No. 104 Squadron RAF
|No. 104 Squadron RAF|
|Active||4 September 1917 - 31 June 1919
7 January 1936 – 8 April 1940
1 April 1941 – 1 April 1947
15 March 1955 – 1 August 1956
22 July 1959 - 24 May 1963
|Branch||Royal Air Force|
|Squadron badge heraldry||A winged thunderbolt.The device in conjunction with the motto implies the unit's formidable intentions and power.|
|Squadron codes||104 Jan 1936 - Apr 1939
PO Allocated Apr 1939 - Sep 1939
EP Sep 1939 - Apr 1940, Mar 1941 - Apr 1947
No. 104 Squadron RAF was a former squadron of the British Royal Air Force.
World War I
The squadron was formed at Wyton, England on 4 September 1917 equipped with the DH 9. It then moved to Andover, prior to being posted to France in May 1918 to form part of the Independent Air Force. The squadron later began re-equipping with the DH 10, however the armistice arrived before this was completed and the squadron returned home, first to Turnhouse and then to Crail where it disbanded on 30 June 1919. Eight flying aces served within its ranks, including future Rear Admiral Arthur Rullion Rattray, Jeffrey Batters Home-Hay, William Bottrill, Richard Gammon and W. Harrop.
Between the wars
On 7 January 1936, the squadron was reformed at Abingdon from the 'C' Flight of No. 40 Squadron. The squadron was equipped with the Hawker Hind. In August 1936 the squadron moved to RAF Hucknall, followed by a move to Bassingbourn in May 1938, and conversion to the Bristol Blenheim.
World War 2
The squadron disbanded when it was absorbed into No. 13 Operational Training Unit in April 1940.
The squadron reformed again on 1 April 1941 at RAF Driffield, equipped with the Vickers Wellington and began night bombing operations in May as part of No. 4 Group RAF until February 1942. A squadron detachment was sent to Malta in October 1941, moving to Egypt in January 1942, shortly afterwards the home contingent of the squadron at Driffield was renumbered No. 158, whilst the remainder of the squadron in the Middle East remained No. 104. The squadron later moved first to captured airfields in Tunisia, followed by a move to the Italian mainland in December 1943.
In February 1945 the squadron was re-equipped with the Consolidated Liberator, and then returned to Egypt in November 1945 where it converted to the Avro Lancaster. The squadron disbanded on 1 April 1947.
In March 1955 the squadron reformed at Gutersloh equipped with the English Electric Canberra. Appointed as CO by April 1955 was Squadron Leader Edward Stephenson, an experienced flying instructor. The squadron became part of No. 551 Wing RAF, the Bomber Command Element of 2TAF: this consisted of Nos 102, 103, 104 and 149 Squadrons - each equipped with ten Canberra B2s. The squadron disbanded again in August 1956.
The squadron was again reformed - as No. 104 (Strategic Missile) Squadron - on 22 July 1959, one of 20 squadrons associated with Project Emily. The squadron was equipped with three Thor Intermediate range ballistic missiles. and based at RAF Ludford Magna.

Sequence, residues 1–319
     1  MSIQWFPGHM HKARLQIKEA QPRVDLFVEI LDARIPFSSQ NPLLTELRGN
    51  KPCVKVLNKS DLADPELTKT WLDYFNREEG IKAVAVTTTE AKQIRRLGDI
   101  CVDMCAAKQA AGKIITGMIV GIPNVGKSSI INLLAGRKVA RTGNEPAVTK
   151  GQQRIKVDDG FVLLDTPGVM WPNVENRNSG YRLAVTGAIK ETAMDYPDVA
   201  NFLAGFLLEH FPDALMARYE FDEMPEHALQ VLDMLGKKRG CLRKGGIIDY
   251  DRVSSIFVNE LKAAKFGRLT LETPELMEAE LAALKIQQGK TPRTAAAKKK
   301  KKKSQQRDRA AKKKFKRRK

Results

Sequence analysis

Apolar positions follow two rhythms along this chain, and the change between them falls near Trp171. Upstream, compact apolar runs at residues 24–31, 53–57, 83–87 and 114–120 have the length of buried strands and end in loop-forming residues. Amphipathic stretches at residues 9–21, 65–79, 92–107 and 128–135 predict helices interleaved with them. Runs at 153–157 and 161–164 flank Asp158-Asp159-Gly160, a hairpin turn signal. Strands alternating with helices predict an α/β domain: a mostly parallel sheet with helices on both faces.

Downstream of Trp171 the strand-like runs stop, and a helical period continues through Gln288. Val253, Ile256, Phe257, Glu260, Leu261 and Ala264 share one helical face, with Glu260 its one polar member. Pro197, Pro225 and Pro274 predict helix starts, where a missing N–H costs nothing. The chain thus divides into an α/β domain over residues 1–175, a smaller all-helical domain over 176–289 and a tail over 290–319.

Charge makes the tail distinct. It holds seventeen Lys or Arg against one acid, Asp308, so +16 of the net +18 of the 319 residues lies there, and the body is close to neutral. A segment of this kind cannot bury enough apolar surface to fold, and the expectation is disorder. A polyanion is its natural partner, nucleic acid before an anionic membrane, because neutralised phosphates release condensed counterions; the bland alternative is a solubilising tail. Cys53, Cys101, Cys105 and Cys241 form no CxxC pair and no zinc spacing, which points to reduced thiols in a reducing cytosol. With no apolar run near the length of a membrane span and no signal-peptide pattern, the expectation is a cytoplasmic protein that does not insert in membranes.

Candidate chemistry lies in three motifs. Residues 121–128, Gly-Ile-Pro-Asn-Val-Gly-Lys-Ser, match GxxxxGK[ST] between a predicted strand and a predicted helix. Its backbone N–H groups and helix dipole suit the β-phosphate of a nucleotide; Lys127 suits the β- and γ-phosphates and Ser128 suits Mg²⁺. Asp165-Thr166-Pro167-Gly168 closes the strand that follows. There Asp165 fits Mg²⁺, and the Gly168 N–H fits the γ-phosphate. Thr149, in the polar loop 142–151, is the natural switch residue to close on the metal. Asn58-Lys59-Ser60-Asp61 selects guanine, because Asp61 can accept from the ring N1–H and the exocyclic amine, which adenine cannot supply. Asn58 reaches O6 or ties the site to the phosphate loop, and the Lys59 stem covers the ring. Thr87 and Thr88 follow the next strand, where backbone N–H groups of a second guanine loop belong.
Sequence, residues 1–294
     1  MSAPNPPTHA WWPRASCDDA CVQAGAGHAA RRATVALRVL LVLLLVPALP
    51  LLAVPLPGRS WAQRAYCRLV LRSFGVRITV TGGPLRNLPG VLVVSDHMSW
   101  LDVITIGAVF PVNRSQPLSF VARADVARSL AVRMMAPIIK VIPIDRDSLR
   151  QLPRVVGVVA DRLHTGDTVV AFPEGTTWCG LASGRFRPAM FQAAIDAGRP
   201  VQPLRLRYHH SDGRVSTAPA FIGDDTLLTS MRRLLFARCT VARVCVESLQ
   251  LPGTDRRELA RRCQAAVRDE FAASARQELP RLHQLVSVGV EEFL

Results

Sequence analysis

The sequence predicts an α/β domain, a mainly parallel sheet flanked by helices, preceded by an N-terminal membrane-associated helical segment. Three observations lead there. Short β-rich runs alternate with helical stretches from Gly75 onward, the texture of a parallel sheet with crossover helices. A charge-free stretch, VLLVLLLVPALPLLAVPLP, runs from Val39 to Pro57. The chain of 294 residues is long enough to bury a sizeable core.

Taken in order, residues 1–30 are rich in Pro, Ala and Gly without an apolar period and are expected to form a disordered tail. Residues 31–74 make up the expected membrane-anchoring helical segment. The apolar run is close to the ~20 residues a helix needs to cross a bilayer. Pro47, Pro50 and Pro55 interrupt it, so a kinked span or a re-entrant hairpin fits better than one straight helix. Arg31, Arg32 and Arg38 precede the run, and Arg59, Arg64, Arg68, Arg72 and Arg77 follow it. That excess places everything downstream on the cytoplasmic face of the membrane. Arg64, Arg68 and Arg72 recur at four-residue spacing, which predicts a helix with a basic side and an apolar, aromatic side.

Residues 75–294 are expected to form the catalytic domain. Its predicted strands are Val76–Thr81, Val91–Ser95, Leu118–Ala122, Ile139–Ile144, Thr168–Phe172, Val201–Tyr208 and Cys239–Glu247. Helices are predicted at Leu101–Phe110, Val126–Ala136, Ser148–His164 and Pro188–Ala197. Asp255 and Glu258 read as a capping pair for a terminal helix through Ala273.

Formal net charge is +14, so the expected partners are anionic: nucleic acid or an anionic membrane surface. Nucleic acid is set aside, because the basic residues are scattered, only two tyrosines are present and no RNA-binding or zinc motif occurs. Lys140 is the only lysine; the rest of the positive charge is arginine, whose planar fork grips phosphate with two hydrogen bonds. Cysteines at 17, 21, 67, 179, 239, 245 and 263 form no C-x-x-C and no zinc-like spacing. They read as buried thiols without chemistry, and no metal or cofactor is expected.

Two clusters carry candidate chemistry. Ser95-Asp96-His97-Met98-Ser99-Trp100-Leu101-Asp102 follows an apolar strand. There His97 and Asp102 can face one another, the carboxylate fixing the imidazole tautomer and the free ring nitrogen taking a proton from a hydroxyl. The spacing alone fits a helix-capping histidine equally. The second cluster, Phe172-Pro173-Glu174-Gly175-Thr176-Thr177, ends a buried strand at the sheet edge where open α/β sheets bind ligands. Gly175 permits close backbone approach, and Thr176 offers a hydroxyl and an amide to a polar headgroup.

In October 1962, during the Cuban Missile Crisis, the squadron was kept at full readiness, with the missiles aimed at strategic targets in the USSR. The squadron was disbanded on 24 May 1963, with the termination of the Thor Program in Britain.
- 1918–1919 Airco DH.9
- 1918–1919 Airco DH.10
- 1936–1938 Hawker Hind
- 1938–1940 Bristol Blenheim I
- 1939–1940 Avro Anson I
- 1939–1940 Bristol Blenheim IV
- 1941–1943 Vickers Wellington II
- 1943–1945 Vickers Wellington X
- 1945–1946 Consolidater Liberator VI
- 1945–1947 Avro Lancaster B7(FE)
- 1955–1956 English Electric Canberra B2
- 1959–1963 Thor IRBM
- Barrass, M. B. (2013). "Squadron Histories 101-105". Air of Authority - A History of RAF Organisation. Retrieved 31 December 2014.<templatestyles src="Module:Citation/CS1/styles.css"></templatestyles>
- Sawden, Dennis (2013). "The English Electric Canberra". Scottish Saltire Aircrew Association. Retrieved 31 December 2014.<templatestyles src="Module:Citation/CS1/styles.css"></templatestyles>
- Chappel, F. R. (1980). Wellington Wings. London: W. Kimber. ISBN 0-7183-0177-3.<templatestyles src="Module:Citation/CS1/styles.css"></templatestyles>
- Halley, James J. (1980). The Squadrons of the Royal Air Force. Tonbridge, Kent, UK: Air Britain (Historians) Ltd. ISBN 0-85130-083-9.<templatestyles src="Module:Citation/CS1/styles.css"></templatestyles>
- Jefford, C. G. (2001) . RAF Squadrons, a Comprehensive Record of the Movement and Equipment of all RAF Squadrons and their Antecedents since 1912 (2nd ed.). Shrewsbury, UK: Airlife Publishing Ltd. ISBN 1-84037-141-2.<templatestyles src="Module:Citation/CS1/styles.css"></templatestyles>
- Moyes, Philip J. R. (1976) . Bomber Squadrons of the RAF and their Aircraft (2nd ed.). London: Macdonald and Jane's (Publishers) Ltd. ISBN 0-354-01027-1.<templatestyles src="Module:Citation/CS1/styles.css"></templatestyles>
|Wikimedia Commons has media related to No. 104 Squadron RAF.|
- "RAF Bomber Command: No.104 Squadron". Royal Air Force. 2014. Retrieved 31 December 2014.<templatestyles src="Module:Citation/CS1/styles.css"></templatestyles>
- "RAF - 104 Squadron". Royal Air Force. 2014. Retrieved 31 December 2014.<templatestyles src="Module:Citation/CS1/styles.css"></templatestyles>